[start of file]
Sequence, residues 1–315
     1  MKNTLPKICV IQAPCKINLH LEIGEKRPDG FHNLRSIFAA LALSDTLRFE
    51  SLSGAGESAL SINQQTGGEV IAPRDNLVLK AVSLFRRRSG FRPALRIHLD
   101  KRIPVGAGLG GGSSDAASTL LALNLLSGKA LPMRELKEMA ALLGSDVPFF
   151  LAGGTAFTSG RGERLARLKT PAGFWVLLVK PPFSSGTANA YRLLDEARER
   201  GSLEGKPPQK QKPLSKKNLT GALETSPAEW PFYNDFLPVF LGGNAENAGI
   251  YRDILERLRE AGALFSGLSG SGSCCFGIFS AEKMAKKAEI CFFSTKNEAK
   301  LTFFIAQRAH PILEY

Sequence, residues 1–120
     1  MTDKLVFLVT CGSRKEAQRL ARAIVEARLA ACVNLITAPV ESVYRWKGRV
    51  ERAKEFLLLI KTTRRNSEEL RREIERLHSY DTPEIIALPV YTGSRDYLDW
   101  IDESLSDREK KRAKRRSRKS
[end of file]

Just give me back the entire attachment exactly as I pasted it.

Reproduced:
Sequence, residues 1–315
     1  MKNTLPKICV IQAPCKINLH LEIGEKRPDG FHNLRSIFAA LALSDTLRFE
    51  SLSGAGESAL SINQQTGGEV IAPRDNLVLK AVSLFRRRSG FRPALRIHLD
   101  KRIPVGAGLG GGSSDAASTL LALNLLSGKA LPMRELKEMA ALLGSDVPFF
   151  LAGGTAFTSG RGERLARLKT PAGFWVLLVK PPFSSGTANA YRLLDEARER
   201  GSLEGKPPQK QKPLSKKNLT GALETSPAEW PFYNDFLPVF LGGNAENAGI
   251  YRDILERLRE AGALFSGLSG SGSCCFGIFS AEKMAKKAEI CFFSTKNEAK
   301  LTFFIAQRAH PILEY

Sequence, residues 1–120
     1  MTDKLVFLVT CGSRKEAQRL ARAIVEARLA ACVNLITAPV ESVYRWKGRV
    51  ERAKEFLLLI KTTRRNSEEL RREIERLHSY DTPEIIALPV YTGSRDYLDW
   101  IDESLSDREK KRAKRRSRKS